One of the first things you see upon entering the garden is the incredible meadow, currently dominated by the bright orange blooms of California poppies.
|Views of the meadow from different angles|
|Bright yellow lupines (top row) dotted the meadow and pink flowers (Clarkia unguiculata perhaps?) provided a punch next to the orange poppies here and there but my favorite flower was the Matilija poppy (Romneya coulteri).|
Although we missed the peak period of spring bloom, there were still lots of flowers.
There were other plants of interest too:
|Clockwise from top left: Agave shawii, Asarum caudatum, Yucca whipplei (almost in bloom!), and Dudleya (no ID)|
We took a walk through the Redwood forest area.
|There's nothing like a Redwood to put your place in the world in perspective|
|Although some people clearly need a reminder not to mess with the trees; however, on the good news page, the tree shown above was the only plant we saw carved up|
|Views from the forest area - doesn't that rock look as though he could speak? (Or is that just me?)|
We walked the canyon area and strolled through the woodland area following the stream.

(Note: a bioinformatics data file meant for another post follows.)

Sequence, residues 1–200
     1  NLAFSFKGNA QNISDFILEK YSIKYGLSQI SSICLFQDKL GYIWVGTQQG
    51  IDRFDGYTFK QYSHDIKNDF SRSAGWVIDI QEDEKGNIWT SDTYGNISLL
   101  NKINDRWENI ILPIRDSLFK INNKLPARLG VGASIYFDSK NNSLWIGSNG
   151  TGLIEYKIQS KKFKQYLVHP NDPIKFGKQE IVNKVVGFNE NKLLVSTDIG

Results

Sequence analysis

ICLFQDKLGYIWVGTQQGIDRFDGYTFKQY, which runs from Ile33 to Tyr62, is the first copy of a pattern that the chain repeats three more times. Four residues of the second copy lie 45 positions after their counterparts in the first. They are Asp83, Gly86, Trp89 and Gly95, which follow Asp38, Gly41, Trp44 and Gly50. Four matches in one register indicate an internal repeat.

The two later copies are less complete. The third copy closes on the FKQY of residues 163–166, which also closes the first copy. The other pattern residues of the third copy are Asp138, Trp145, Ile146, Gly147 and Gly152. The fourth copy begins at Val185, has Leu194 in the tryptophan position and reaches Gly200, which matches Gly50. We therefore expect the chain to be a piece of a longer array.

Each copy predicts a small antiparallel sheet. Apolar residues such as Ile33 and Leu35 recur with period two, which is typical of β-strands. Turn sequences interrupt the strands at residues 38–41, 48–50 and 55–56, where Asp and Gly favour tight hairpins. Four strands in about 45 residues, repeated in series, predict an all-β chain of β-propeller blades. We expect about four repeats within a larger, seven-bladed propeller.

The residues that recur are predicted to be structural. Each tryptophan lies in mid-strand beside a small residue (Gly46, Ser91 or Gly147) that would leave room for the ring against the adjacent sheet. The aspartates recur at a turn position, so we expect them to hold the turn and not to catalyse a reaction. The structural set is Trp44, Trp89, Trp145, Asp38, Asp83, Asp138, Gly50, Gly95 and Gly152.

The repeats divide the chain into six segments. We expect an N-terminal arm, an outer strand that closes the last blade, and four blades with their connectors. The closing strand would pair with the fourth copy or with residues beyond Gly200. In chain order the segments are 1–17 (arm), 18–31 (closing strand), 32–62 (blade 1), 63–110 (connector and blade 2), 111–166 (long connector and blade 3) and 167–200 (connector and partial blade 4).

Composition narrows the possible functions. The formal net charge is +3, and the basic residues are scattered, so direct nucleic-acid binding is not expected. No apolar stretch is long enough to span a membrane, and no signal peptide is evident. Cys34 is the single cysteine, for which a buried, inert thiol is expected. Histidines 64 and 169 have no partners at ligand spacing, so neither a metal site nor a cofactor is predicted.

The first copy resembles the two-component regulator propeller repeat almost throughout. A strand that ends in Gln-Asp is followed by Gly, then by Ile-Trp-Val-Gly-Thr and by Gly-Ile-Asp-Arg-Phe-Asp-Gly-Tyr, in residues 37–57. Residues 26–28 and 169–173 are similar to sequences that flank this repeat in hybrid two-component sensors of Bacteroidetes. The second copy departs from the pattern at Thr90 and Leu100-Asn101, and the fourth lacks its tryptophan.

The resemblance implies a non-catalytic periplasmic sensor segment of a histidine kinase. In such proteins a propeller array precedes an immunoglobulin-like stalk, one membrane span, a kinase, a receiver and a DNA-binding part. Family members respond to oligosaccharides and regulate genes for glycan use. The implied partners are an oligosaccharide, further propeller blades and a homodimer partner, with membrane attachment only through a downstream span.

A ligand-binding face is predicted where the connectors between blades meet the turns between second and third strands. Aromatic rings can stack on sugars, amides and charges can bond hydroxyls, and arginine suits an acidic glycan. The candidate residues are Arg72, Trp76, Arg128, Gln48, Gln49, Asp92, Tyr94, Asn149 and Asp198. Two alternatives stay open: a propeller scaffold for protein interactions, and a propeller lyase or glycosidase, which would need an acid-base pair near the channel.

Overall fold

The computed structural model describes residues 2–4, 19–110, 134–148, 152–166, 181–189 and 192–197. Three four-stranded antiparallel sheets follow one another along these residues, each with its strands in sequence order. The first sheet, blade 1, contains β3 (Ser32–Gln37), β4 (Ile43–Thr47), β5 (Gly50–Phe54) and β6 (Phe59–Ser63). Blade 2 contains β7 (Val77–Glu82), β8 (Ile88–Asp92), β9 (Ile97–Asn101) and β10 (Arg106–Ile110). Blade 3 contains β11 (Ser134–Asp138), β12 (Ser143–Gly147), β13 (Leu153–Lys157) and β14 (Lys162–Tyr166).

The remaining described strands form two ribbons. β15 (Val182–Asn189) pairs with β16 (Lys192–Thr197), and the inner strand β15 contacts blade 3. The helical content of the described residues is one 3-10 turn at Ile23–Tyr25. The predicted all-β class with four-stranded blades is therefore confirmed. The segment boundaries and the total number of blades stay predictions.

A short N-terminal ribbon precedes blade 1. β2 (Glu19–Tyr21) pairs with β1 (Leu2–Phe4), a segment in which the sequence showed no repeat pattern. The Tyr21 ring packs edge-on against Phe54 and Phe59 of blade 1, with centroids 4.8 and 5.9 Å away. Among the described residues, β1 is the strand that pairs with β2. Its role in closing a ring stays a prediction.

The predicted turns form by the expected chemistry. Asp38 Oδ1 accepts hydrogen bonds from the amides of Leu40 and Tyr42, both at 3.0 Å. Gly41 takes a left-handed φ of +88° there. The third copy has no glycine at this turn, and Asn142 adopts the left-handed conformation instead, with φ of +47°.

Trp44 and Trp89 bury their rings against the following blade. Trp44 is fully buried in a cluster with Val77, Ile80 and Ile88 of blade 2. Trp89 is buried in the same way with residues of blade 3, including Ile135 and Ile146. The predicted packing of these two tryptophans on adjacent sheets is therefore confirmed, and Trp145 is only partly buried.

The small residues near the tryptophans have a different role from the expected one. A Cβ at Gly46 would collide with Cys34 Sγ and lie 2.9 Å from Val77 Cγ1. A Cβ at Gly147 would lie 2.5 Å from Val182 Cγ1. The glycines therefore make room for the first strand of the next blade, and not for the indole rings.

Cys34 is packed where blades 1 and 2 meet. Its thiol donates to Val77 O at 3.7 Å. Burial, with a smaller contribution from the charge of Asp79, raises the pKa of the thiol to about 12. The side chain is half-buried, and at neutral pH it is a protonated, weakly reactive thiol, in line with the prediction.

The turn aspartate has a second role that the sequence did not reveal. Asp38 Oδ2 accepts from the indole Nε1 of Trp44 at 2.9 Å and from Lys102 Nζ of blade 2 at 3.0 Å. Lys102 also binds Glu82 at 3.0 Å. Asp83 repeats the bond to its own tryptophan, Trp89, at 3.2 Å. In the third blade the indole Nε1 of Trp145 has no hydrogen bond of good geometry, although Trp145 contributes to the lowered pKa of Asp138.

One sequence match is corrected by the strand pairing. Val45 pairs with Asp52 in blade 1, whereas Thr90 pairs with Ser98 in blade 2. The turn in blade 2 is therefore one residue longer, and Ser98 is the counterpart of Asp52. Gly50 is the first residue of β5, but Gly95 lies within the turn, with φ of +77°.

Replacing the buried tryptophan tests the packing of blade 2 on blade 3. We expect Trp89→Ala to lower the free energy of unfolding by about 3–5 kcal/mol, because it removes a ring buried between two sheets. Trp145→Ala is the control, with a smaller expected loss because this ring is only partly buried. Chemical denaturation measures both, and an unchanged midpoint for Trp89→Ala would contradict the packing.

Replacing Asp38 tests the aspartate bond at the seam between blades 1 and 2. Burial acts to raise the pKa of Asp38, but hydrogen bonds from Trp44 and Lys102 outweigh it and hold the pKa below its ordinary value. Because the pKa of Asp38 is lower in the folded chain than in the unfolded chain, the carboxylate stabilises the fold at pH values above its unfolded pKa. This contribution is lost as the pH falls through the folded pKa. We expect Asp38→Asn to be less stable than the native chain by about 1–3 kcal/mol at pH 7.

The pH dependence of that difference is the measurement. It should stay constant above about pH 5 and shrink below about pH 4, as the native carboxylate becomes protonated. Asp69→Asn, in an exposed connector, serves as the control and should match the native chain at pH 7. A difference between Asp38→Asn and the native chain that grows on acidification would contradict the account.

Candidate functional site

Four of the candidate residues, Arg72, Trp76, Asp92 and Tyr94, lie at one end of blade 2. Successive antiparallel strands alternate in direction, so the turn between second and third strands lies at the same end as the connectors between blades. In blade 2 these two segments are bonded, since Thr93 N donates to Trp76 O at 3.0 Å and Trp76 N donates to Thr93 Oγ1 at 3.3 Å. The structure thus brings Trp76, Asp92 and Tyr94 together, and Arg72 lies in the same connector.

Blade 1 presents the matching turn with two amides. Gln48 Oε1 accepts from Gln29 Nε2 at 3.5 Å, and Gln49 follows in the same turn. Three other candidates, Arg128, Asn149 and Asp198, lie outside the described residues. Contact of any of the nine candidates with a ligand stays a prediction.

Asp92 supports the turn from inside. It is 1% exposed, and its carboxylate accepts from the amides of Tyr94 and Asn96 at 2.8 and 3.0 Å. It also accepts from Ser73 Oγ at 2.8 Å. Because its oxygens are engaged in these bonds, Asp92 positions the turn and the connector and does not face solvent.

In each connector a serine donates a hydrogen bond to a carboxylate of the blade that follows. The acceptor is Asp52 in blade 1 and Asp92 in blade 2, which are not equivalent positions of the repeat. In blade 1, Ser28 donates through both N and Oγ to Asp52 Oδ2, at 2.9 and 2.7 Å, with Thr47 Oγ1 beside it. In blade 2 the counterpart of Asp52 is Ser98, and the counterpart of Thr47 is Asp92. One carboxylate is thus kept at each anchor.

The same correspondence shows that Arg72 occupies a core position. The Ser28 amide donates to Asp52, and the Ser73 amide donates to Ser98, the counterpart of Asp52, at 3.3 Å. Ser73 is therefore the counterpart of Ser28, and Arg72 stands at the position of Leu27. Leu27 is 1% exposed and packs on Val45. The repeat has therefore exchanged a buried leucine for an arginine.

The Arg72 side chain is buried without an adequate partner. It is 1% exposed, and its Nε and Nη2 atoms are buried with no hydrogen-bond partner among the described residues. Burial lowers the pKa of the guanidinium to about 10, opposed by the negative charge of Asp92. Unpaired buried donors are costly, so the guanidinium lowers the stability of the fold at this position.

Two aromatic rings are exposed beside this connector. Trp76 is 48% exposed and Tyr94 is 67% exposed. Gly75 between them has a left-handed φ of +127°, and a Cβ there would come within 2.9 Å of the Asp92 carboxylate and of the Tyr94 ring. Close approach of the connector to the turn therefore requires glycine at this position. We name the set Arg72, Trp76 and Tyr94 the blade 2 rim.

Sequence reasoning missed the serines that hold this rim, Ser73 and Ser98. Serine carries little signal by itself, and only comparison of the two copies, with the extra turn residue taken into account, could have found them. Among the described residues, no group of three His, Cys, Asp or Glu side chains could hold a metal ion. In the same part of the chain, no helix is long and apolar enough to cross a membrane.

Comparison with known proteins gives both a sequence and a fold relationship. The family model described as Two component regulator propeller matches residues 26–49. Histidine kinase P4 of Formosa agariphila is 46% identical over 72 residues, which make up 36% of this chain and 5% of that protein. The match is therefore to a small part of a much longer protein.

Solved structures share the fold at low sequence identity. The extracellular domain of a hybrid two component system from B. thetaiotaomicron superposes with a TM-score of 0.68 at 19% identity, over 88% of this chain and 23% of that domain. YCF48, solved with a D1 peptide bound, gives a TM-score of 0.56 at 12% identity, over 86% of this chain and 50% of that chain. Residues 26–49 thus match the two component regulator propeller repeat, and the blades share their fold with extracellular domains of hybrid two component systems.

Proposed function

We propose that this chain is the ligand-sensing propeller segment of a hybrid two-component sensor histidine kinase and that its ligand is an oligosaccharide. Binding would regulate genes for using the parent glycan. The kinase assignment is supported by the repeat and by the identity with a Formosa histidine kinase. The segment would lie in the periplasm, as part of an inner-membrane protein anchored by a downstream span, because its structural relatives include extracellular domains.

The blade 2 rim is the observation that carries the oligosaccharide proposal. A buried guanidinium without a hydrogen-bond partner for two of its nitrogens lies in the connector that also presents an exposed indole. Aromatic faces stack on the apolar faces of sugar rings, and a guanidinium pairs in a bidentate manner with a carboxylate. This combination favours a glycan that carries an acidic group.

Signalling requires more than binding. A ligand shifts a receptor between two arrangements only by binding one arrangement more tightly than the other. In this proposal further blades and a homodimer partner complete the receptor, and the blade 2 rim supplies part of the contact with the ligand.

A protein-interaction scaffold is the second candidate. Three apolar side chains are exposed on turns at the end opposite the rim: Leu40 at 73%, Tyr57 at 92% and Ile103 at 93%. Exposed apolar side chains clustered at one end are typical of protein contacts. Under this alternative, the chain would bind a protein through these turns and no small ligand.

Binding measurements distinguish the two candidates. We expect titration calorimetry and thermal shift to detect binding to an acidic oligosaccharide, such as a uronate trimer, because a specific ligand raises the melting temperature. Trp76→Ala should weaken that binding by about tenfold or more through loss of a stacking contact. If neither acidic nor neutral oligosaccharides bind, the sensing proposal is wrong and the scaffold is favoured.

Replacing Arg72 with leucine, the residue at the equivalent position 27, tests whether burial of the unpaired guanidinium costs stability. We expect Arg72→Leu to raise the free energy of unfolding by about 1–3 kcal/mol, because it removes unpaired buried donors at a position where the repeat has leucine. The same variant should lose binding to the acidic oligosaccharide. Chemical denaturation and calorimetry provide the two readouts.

|Views along the stream, which was mostly dry|
|My favorite view in the garden|
|I loved these 2 seating areas too|
We didn't spend any time sitting. I spent a good amount of time in in the native plant nursery checking out the stock. Despite my intention to avoid any further planting until fall, I left with 5 plants: 3 Erigeron 'Ron's Pink,' a Physocarpus capitatus, and a Vaccinium ovatum. The Physocarpus was probably a mistake as our area may not have sufficient winter cold but my fingers are crossed it'll manage the zonal stretch.
With my rule against spring/summer planting broken, you can imagine how our stops at 3 nurseries on the way home went. But that's a story for another post.
All material © 2012-2015 by Kris Peterson for Late to the Garden Party